The Notre Dame Fighting Irish, though technically the visiting team versus Navy, were very much at home in Ireland as they dominated the Midshipmen, 50-10, achieving the 50-point plateau for the first time in a season opener since 1982.
This is Brian Kelly’s team, but make no mistake, the Irish resembled a vintage Lou Holtz squad at Aviva Stadium in Dublin. Notre Dame was not flashy, just physically dominant on both sides of the ball and fundamentally sound. Despite the absence of starting running back Cierre Wood due to a suspension handed down last Sunday (the dreaded and ubiquitous “violation of team rules”), Notre Dame rushed for 293 yards, nearly doubling (Dublin?) the Midshipmen’s ground output (149 yards).
Theo Riddick gained 107 yards. George Atkinson III averaged 11 yards per carry, one of them a 56-yard touchdown run in which he cut back and went untouched. Cam McDaniel, a redshirt freshman seeing his first live action and technically the fourth-string running back, looked like Rex Burkhead, Jr., as he rumbled for 59 yards on just nine carries.
And then there was redshirt freshman quarterback Everett Golson, who looked comfortable, if not spectacular, in his first game action. Golson completed 12 of 18 passes for 144 yards and one touchdown. He made one poor decision – an interception in the red zone when a secondary receiver was wide open in the end zone – but otherwise looked polished. The Irish, who were 118th in the country in turnovers in 2011, did not lose a fumble and finished plus-three in turnovers.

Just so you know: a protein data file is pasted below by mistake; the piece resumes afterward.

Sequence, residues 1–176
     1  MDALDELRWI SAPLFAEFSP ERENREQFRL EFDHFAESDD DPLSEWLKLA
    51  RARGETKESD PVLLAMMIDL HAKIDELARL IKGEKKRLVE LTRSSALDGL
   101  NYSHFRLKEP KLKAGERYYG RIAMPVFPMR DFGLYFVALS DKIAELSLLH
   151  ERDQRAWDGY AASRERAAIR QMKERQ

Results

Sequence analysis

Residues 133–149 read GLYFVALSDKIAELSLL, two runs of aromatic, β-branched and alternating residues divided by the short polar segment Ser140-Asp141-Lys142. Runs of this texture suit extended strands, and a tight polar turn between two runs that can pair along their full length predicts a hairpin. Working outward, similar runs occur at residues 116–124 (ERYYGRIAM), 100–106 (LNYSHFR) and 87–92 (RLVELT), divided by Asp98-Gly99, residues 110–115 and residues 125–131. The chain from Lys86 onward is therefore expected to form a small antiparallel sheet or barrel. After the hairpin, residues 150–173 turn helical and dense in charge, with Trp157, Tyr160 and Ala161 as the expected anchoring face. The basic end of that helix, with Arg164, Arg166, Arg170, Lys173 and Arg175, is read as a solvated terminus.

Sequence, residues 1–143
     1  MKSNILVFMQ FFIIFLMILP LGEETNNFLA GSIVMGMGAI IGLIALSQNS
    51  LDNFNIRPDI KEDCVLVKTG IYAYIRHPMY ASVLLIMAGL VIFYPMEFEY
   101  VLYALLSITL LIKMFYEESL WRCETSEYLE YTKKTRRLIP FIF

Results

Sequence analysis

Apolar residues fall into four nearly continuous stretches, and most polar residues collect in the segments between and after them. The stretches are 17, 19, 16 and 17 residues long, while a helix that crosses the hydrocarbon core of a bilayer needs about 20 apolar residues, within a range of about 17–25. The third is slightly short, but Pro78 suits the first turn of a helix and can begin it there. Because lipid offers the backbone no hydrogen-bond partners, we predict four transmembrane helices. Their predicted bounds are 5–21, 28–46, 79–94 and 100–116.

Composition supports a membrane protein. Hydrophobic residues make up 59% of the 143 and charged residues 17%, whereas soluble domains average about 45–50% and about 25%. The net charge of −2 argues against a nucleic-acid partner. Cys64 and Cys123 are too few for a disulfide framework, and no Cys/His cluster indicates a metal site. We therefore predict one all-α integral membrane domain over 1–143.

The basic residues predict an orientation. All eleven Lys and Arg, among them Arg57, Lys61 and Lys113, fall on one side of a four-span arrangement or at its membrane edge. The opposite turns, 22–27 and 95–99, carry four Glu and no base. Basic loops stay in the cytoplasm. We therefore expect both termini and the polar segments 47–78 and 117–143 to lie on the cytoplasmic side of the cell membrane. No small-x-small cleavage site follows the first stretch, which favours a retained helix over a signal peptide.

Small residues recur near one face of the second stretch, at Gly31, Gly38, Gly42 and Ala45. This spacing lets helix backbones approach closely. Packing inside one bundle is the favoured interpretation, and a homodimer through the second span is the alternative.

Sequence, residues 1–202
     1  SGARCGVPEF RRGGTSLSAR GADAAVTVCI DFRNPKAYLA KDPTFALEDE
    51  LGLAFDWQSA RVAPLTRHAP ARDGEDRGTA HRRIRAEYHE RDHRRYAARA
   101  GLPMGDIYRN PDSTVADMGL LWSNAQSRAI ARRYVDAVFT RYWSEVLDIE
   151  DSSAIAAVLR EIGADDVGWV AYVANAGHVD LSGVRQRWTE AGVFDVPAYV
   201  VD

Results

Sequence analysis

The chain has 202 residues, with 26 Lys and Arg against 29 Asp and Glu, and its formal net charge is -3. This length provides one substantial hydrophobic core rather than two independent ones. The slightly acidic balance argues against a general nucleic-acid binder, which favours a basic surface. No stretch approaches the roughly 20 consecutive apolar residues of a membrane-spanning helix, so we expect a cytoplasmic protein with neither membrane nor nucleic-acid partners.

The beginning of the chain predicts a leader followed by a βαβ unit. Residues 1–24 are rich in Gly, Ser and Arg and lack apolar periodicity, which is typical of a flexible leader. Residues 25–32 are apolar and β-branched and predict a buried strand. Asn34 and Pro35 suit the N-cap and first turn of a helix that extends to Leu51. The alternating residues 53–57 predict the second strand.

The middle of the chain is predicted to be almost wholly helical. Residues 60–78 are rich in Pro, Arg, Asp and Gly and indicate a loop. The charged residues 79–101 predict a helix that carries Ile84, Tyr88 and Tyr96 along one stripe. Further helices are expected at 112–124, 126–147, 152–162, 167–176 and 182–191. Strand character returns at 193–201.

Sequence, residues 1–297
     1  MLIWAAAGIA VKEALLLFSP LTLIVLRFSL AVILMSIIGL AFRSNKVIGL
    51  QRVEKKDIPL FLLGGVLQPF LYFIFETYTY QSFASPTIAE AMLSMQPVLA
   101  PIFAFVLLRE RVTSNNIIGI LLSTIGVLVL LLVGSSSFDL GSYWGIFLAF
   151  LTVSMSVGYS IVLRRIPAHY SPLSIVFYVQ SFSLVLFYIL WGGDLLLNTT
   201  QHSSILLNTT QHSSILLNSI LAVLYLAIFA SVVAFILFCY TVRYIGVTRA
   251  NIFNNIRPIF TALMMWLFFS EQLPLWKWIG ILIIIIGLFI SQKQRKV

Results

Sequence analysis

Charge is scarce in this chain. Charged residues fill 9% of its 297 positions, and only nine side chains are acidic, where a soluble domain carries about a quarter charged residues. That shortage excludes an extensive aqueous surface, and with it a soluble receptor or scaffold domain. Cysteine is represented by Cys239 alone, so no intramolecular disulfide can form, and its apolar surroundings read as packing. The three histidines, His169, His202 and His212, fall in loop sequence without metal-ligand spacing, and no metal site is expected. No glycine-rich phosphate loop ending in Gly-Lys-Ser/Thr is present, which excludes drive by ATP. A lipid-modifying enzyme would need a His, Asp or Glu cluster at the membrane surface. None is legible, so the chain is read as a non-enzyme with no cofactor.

Last year Notre Dame’s opening offensive drive of the season ended in a 99-yard fumble return for a touchdown by South Florida. This year the Irish scored a touchdown on their first offensive series. And second. And third.
More importantly, and this is imperative if the Irish are to surpass expectations and win 10 games in 2012, they were brutish up front. In the second quarter, senior defensive end Kapron Lewis-Moore forced a fumble by Navy quarterback Trey Miller, and sophomore defensive end Stephon Tuitt scooped it up and outraced everyone 77 yards for a touchdown.
Those types of plays happened to Notre Dame last season, not for them.
Okay, it was only Navy, and the Midshipmen are young. Then again, so are the Irish – six of the 10 players who caught a pass for the Irish made their first career reception today.
It’s early, and everyone knows the third-year coaching legacy at Notre Dame (Rockne, Leahy, Parseghian, Devine and Holtz were a combined 50-2-1 in their third seasons). It would be folly, or so it seems, to expect Kelly to lose two or fewer games in his third season. For now, though, it appears the Irish are better than most expected.